My favorite scene in Lady and the Tramp is when Lady is given her breakfast from Jim Dear and Darling, her owners. Because they love her so much, Lady is given a saucer of coffee and a doughnut to eat.
This is a much better breakfast for dogs than, say, dog food or milkbone and a bowl of water.
I remember, as a kid, watching the doughnut change color in the coffee (from light brown to dark brown) and seeing how carefully Lady made sure that her doughnut was saturated before taking a bite.
This, I thought, is the proper way to consume both coffee and pastries. To this day, I always am looking for something to dunk in my coffee. Doughnuts taste better when eaten the way that Lady, Jim Dear, and Darling intended for them to be eaten.
Like the Lady and the Tramp doughnut-dunked-in-coffee, it is amazing how many times I do something out of habit,
thinking knowing it is the “right way to do things,” simply because I saw it done that way as a kid.
This can be anything from the simple and mundane (how I tie my shoes [poorly]) to the complex and deeply-embedded (how I express [or, more commonly, suppress] anger).
When I worked with college students, I remember telling people that I wasn’t sure how much control we had over our emotions. If it’s a gut reaction, you shouldn’t have to apologize for feeling a particular way. It’s out of your control. You can control how you respond and react to those gutteral feelings, but the feelings themselves are too deeply embedded to change or for you to be held responsible for. (If I ever told you this, I apologize, please read on.)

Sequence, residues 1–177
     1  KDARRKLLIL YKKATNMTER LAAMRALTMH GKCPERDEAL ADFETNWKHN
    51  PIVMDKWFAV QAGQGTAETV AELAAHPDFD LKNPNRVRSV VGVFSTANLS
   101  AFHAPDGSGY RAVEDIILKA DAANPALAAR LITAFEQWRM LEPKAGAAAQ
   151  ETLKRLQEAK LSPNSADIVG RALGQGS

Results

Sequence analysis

This last winter, I was listening to MaryKate Morse talk about spiritual formation. She talked about how we should be seeking to have our thinking (orthodoxy) and our doing (orthopraxy) transformed and changed, along with our feeling (orthopathy). This isn’t a completely new idea (you can google those three and find various sources that talk about them), but I don’t know that I’ve ever heard it expressed in a way that actually hit home.
For me, hearing this and believing it for the first time, I felt a sense of hope that some of my deeply-embedded gutteral reactions are not permanent chains that I will be stuck with forever. To quote Dave Matthews, from the dark side we can see the glow of something bright.
Through the process of (for me, spiritual) growth, change, formation and maturation, there is hope to cast these habitual broken feelings aside, along with the broken ideas and broken habits that I’ve picked up along this journey, and put on a new set of emotional clothing.
This is good news.